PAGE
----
During an epic 28-minute interview, CNN's Jake Tapper relentlessly pressed White House counselor Kellyanne Conway on the flurry of lies that the administration cranks out. Amazingly, he got Conway to agree, repeatedly, to the "spray of falsehoods" coming from Donald Trump.
Jake Tapper has made his disgust with Donald Trump's administration apparent, and on CNN's The Lead, he got the opportunity to hold them accountable by grilling White House counselor Kellyanne Conway for nearly half an hour.
The bulk of the interview consisted of desperate spin from Conway, punctuated by Tapper's blunt confrontations of the facts, but there were two extraordinary moments in which Tapper managed to unmask the administration's purposeful mendacity.
First, after confronting Conway over multiple Trump falsehoods, Tapper got Conway to agree that "sprays of falsehoods" come from the Trump White House, which Conway then used in order to bargain for more favorable coverage (emphasis mine):
TAPPER: I would be much rather covering immigration, I would much rather be covering trade, and I would much rather be covering draining the swamp and-counter terrorism. But instead, every day, there are these sprays of attack and sprays of falsehoods coming from the White House. It would be better if they were not coming from the White House, for me and for you.
CONWAY: Agreed. And let me just say it has to go both ways. I mean, I do, Jake, I sincerely don't see a lot of difference in coverage from when he was a candidate, and when he became the Republican nominee, the president-elect, and indeed the president. Some outlets, some people cover him the same way, and it doesn't have a great deal of respect, I think, for the office of the president's current occupant. All I would say is, you know, biased coverage, people talk about that, I think bias is easy to detect, and it's really in the eye of the beholder. What I would put an olive branch out to you and your network is, how about more complete coverage?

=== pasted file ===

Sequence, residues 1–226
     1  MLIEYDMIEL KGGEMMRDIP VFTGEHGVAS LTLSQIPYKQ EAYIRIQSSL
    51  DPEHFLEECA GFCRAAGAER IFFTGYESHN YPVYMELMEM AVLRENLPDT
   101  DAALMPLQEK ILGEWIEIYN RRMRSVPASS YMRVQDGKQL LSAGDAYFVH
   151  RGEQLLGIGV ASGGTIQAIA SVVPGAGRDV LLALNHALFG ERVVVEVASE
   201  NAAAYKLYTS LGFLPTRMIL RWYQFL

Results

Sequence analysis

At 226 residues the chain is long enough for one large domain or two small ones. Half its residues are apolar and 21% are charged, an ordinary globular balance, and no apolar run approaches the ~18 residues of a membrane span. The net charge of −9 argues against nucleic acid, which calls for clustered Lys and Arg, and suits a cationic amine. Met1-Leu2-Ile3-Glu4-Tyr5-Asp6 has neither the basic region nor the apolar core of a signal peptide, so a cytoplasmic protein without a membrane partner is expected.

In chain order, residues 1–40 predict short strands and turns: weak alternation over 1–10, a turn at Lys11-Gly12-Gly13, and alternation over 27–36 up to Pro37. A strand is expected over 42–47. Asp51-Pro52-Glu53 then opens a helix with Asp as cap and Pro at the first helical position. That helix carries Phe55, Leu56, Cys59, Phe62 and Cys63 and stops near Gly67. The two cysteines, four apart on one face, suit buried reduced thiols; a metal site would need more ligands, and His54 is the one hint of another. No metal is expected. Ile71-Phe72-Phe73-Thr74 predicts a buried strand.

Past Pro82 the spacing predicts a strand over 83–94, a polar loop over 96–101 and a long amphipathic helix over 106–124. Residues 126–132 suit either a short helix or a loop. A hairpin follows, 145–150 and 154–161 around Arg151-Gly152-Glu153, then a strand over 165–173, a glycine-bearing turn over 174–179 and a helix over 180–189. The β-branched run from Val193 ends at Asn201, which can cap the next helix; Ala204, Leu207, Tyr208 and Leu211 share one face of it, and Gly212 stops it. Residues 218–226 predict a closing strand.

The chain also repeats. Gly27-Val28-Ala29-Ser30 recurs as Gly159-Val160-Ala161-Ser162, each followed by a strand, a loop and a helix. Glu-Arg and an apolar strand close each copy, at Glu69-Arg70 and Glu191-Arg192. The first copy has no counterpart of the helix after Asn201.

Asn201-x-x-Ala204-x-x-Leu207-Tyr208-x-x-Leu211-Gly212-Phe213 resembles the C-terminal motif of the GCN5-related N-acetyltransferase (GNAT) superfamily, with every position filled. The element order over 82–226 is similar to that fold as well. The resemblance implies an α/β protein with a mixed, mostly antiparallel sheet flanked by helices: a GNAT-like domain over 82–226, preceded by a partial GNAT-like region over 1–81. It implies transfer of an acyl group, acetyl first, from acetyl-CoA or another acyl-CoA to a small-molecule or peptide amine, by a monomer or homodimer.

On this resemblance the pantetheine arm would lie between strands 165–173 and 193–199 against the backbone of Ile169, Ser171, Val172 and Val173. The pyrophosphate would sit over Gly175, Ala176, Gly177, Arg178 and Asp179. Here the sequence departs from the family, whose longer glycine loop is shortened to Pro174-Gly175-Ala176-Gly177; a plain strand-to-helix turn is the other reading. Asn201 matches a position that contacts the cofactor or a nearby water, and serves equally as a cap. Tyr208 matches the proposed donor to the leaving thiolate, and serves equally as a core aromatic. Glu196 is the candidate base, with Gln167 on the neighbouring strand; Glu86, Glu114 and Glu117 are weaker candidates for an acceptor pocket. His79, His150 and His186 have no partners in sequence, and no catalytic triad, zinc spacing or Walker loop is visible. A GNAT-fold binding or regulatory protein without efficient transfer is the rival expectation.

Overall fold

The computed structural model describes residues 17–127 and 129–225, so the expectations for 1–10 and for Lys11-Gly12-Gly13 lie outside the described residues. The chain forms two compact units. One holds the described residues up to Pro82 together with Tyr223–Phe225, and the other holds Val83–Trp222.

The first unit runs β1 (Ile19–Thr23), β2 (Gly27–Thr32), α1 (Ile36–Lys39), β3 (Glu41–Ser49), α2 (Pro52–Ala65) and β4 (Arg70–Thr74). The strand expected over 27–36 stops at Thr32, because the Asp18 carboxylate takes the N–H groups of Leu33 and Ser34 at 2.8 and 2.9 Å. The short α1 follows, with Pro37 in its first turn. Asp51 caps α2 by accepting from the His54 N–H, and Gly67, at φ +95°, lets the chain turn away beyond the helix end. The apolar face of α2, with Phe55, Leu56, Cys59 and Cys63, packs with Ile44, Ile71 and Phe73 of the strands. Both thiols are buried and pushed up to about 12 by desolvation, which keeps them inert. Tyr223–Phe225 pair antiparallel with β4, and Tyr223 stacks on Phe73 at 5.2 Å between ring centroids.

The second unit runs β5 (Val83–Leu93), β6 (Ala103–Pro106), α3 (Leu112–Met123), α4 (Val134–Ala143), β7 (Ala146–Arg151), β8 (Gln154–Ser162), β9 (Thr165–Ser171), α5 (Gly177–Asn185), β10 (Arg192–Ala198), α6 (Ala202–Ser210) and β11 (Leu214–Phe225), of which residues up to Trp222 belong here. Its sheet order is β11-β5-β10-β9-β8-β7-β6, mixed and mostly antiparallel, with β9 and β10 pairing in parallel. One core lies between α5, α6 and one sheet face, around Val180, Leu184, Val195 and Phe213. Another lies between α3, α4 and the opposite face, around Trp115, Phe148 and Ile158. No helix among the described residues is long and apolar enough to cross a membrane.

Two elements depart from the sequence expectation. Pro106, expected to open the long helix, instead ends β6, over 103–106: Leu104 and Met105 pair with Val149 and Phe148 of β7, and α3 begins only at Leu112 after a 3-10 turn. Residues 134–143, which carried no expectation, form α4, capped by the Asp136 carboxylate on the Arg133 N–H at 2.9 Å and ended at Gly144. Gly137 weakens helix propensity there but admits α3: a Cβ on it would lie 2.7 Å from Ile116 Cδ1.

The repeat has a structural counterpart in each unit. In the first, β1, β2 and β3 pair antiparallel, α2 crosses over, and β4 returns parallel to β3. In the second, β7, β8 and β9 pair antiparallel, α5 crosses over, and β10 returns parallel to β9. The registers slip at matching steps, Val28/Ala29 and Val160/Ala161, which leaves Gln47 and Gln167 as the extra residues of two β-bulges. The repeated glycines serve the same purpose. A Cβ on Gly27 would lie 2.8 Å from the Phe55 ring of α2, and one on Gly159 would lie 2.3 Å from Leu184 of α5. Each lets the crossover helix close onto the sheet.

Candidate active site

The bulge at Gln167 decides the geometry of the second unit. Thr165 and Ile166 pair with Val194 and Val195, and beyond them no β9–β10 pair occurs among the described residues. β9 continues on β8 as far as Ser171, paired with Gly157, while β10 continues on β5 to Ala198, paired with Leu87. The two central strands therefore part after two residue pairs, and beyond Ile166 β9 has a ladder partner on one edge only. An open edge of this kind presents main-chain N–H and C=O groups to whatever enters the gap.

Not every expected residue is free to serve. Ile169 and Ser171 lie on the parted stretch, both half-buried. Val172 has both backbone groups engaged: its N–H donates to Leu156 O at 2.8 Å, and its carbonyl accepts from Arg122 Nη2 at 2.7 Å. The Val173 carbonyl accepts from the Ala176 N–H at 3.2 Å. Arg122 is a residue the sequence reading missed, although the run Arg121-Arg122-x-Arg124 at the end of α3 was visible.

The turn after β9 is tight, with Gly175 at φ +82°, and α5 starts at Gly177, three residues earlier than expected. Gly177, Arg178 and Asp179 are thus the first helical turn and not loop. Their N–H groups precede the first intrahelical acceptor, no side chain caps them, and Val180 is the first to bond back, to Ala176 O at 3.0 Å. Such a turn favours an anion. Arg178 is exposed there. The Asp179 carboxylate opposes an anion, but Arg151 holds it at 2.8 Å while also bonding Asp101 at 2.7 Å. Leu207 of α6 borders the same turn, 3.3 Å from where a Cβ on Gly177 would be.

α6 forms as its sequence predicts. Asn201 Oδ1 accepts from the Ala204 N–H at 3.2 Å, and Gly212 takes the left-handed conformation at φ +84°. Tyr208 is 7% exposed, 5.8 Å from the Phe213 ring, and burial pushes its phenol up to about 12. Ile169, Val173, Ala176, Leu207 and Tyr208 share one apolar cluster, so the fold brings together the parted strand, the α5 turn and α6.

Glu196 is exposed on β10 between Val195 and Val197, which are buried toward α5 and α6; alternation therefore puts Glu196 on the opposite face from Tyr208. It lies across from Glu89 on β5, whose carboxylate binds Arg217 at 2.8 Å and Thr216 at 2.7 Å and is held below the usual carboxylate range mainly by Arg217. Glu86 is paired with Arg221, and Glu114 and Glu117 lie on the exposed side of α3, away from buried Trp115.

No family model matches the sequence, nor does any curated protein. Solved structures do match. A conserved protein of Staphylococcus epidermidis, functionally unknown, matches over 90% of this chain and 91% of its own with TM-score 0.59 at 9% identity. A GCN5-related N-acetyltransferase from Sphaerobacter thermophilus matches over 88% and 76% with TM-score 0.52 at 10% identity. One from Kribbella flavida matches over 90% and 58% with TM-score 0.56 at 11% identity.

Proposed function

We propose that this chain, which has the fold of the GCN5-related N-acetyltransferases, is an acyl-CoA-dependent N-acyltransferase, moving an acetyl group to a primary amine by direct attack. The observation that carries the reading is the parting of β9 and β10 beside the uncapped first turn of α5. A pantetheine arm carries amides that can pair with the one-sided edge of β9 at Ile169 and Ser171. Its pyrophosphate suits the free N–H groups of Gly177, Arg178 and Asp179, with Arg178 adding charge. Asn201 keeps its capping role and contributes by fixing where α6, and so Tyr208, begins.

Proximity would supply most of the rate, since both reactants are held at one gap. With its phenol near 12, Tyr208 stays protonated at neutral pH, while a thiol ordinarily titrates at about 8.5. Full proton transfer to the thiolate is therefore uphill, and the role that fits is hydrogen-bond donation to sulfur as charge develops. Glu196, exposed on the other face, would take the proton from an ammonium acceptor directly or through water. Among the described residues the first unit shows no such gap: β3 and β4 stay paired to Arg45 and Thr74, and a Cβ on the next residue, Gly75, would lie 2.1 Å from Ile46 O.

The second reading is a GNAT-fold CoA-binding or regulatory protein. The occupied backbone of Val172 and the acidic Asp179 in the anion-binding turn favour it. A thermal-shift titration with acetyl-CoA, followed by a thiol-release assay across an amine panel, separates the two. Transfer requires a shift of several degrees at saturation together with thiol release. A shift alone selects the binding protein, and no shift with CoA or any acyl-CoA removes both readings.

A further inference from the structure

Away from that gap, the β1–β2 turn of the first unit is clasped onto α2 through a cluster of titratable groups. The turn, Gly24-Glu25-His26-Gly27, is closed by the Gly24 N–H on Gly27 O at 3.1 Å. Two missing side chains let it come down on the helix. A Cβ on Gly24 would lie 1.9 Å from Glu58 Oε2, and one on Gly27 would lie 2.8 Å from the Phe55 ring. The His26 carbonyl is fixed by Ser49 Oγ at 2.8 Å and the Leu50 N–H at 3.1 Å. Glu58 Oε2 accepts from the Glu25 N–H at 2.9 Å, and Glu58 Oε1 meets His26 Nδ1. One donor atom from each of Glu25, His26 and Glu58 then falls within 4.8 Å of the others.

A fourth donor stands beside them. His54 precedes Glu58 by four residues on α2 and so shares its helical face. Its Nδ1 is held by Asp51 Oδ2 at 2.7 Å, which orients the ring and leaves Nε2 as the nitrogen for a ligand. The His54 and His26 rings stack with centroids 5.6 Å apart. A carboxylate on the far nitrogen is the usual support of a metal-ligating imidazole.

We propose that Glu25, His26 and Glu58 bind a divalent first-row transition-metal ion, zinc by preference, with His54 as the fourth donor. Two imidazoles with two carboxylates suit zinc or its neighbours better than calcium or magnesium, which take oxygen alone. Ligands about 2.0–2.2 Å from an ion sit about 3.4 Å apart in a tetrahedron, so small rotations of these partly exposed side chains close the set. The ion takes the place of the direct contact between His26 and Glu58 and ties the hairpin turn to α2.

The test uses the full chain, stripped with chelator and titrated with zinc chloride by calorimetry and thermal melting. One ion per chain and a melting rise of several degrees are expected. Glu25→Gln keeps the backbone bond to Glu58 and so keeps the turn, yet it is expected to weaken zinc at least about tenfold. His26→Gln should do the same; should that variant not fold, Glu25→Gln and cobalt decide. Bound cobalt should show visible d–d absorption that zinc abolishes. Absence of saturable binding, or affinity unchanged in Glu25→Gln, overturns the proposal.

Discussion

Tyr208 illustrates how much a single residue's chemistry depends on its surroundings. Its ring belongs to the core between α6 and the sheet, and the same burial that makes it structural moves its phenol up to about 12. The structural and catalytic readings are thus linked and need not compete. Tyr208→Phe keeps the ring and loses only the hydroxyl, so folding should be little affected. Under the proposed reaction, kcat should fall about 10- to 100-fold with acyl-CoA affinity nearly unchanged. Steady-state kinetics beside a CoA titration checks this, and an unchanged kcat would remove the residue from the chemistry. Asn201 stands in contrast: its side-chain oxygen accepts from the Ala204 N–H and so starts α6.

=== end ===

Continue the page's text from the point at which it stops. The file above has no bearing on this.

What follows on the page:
Conway is explicitly, and astoundingly, agreeing that the Trump White House lies, and proposing that "it has to go both ways," that if journalists offer more "complete" and respectful coverage, that might change.
Later in the interview, Conway tried to spin out of another lie with a non-sequitur anecdote about a reporter who called her about a story which did not pan out. Again, Tapper confronted Conway about the stream of lies, and again, Conway happily conceded the point:
TAPPER: How about the president's statements, Kellyanne, how about the president's statements that are false, like the murder rate is the highest it's been in almost half a century? False. How about the fact that the media doesn't report on terrorist attacks? False. I mean, you can talk about some jerk with some website making a mistake or almost making a mistake —
CONWAY: He's not a jerk, he's a friend of ours.
TAPPER: Alright, he's a very sweet guy. You can talk about somebody almost making a mistake and not doing it. I'm talking about the president of the United States saying things that are not true, demonstrably not true. That is important, and arguably more important than whoever reached you at your daughter's play.
CONWAY: Are they more important than the many things that he says that are true, that are making a difference in people's lives? I just think we want coverage of that as well —
TAPPER: They distract from them. They distract from things he says.
CONWAY: If they get covered, they do.
Again, Conway happily concedes Trump's falsehoods, but incredibly scolds the media for covering those falsehoods, instead of whatever true things Conway alleges that Trump says.
The unsubtle mission of Trump's press shop has been to discredit the very idea of facts, and replace them with their own opinions — or in their terminology, "alternative facts." Conway's incredible performance here simply makes that mission explicit.
It also demonstrates the grip this White House feels it has on power — so much so that they can openly admit to their lies, and yet still manage to use them to escape accountability.